KABUL: Former Afghan president Hamid Karzai called on the ruling Taliban on Sunday (Sep 11) to re-open girls' high schools and applauded female students in the eastern province of Paktia who residents said have been publicly protesting against the measure.
"The voice of Paktia's female students is the voice of all our girls and of Afghanistan," said Karzai, who remained in Kabul after the Taliban took over just over a year ago, on Twitter.
"We ask the acting Islamic government to open the schools," he said.
The ruling Taliban made a sudden U-turn on promises to open girls' highschools in March, leaving some female students who had turned up to class in tears.
Authorities in Paktia said this week that girls' high schools had re-opened, though the move had not been officially approved.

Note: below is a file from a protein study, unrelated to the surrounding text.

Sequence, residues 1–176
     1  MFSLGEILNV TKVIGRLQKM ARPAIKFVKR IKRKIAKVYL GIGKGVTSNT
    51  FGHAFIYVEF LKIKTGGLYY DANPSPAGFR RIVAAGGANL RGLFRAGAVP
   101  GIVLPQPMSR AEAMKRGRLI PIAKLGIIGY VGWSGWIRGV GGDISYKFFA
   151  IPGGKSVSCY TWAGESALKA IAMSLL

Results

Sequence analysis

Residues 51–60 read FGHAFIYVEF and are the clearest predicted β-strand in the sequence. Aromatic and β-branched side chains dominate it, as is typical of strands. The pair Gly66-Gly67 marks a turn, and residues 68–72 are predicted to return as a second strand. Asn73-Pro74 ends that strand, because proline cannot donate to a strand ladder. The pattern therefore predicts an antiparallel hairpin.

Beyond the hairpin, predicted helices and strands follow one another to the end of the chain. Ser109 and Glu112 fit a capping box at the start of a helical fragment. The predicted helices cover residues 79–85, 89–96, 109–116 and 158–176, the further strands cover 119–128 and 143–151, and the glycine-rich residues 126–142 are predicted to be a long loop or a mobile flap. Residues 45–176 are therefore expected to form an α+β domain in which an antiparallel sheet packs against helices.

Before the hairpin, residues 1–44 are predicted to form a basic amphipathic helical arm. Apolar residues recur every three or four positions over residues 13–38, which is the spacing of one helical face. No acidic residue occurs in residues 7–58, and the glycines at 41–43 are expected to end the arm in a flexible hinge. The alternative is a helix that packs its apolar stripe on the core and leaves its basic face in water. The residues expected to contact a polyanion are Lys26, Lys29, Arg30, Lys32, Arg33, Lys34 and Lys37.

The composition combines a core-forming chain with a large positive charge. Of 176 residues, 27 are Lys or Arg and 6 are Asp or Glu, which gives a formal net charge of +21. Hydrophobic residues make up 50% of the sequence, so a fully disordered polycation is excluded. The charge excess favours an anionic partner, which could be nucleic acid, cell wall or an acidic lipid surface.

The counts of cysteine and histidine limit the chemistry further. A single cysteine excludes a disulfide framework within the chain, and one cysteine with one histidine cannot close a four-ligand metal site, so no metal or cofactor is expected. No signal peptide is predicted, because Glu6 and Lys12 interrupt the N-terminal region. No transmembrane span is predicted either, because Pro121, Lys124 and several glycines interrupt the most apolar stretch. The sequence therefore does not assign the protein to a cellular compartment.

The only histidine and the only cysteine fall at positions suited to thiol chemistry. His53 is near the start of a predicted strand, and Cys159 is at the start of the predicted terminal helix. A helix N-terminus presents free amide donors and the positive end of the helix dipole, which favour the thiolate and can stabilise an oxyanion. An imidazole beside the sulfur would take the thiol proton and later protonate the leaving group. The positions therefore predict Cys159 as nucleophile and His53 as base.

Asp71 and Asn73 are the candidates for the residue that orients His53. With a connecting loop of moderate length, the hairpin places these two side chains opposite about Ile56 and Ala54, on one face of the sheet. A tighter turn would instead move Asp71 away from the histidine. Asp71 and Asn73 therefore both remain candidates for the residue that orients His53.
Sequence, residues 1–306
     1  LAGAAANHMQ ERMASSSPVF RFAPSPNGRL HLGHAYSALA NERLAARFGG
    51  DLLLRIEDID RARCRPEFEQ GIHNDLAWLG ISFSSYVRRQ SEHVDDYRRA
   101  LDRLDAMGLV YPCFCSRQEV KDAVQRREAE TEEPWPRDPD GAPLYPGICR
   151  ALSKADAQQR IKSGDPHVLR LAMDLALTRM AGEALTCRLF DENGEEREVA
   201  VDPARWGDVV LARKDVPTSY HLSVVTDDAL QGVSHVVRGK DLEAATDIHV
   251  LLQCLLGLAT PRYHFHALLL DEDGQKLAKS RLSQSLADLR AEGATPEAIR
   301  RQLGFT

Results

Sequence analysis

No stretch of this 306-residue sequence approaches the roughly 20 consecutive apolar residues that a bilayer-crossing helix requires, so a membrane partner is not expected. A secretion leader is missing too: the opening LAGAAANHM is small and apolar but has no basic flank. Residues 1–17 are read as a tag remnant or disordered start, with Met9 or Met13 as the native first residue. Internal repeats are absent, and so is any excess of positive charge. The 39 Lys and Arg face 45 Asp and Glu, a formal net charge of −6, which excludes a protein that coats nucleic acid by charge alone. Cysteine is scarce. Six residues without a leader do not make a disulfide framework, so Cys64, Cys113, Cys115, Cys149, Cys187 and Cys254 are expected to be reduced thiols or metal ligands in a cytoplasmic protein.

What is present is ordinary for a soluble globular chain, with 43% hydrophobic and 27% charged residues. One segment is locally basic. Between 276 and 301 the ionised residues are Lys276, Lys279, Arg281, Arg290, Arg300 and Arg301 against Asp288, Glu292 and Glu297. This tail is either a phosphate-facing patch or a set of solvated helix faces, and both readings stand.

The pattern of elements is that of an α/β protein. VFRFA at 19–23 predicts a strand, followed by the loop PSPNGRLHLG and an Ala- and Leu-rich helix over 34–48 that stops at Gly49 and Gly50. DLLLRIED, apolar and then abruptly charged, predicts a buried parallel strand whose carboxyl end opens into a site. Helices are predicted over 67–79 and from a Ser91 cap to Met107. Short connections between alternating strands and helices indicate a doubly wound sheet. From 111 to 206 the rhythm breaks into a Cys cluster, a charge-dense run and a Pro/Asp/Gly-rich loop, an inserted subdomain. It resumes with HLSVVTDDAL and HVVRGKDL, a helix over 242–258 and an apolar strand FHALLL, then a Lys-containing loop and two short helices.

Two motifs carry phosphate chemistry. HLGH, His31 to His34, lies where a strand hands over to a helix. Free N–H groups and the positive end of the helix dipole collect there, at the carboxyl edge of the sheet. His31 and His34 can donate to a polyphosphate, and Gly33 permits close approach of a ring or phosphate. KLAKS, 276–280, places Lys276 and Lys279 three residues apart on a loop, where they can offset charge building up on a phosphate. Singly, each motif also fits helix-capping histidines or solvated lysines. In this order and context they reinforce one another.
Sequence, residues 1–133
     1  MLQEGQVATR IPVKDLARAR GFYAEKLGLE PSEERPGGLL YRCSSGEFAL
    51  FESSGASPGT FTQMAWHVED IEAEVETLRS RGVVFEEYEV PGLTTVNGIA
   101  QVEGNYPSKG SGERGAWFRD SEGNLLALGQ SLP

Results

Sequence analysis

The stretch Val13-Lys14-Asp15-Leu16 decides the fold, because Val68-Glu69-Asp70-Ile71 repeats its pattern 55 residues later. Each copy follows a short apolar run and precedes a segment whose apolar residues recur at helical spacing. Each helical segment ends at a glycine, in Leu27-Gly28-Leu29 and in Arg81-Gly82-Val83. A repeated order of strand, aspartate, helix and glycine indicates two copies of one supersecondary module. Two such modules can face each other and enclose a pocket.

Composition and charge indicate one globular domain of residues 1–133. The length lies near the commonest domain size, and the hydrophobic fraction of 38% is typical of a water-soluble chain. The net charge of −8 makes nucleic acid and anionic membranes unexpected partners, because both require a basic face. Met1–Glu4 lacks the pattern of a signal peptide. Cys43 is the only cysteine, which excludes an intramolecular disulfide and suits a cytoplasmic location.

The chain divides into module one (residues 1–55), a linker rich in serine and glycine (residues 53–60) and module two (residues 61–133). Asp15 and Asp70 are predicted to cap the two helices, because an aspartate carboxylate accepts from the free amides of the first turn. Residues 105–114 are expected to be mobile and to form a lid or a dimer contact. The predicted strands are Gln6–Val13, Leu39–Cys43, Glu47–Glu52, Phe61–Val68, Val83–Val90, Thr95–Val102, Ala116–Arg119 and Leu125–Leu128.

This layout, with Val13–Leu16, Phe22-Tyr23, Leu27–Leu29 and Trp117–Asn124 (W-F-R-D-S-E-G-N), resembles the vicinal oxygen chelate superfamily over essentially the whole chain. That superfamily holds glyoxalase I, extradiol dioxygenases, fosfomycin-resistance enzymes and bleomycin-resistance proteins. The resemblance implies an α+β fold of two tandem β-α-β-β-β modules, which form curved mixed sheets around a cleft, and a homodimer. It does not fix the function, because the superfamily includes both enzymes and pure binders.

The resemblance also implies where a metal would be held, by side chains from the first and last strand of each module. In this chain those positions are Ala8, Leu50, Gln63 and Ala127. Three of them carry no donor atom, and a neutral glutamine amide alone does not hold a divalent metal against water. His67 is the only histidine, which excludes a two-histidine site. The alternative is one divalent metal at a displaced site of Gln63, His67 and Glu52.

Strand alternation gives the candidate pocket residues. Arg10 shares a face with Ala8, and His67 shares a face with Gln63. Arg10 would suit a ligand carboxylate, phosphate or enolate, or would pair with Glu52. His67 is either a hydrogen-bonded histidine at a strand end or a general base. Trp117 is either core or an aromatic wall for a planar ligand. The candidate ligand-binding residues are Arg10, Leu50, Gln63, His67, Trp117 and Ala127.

On Saturday, the head of Paktia's information department told journalists any suggestion schools were closed was "propaganda".
But three residents and three Taliban officials, who all declined to be named, told Reuters that schools were shut on Saturday. The residents, one of whom is a teacher, asked to remain anonymous for security reasons and said the closure had prompted some girls to protest.
Video footage shown by local broadcaster Tolo on its website and Twitter account showed dozens of girls in school uniform marching down a street while chanting. Reuters could not independently verify the footage.
Taliban education officials in Paktia and Kabul did not reply to a request for comment. The group's spokesperson declined to comment.
The Taliban sources, who asked for anonymity as they were not authorised to speak publicly on the matter, said many in the group wanted girls to be able to go to high school.
The Taliban have said that they are working on a plan to re-open high schools for girls, but have not specified when.
Primary-school aged girls and female university students are still able to attend class.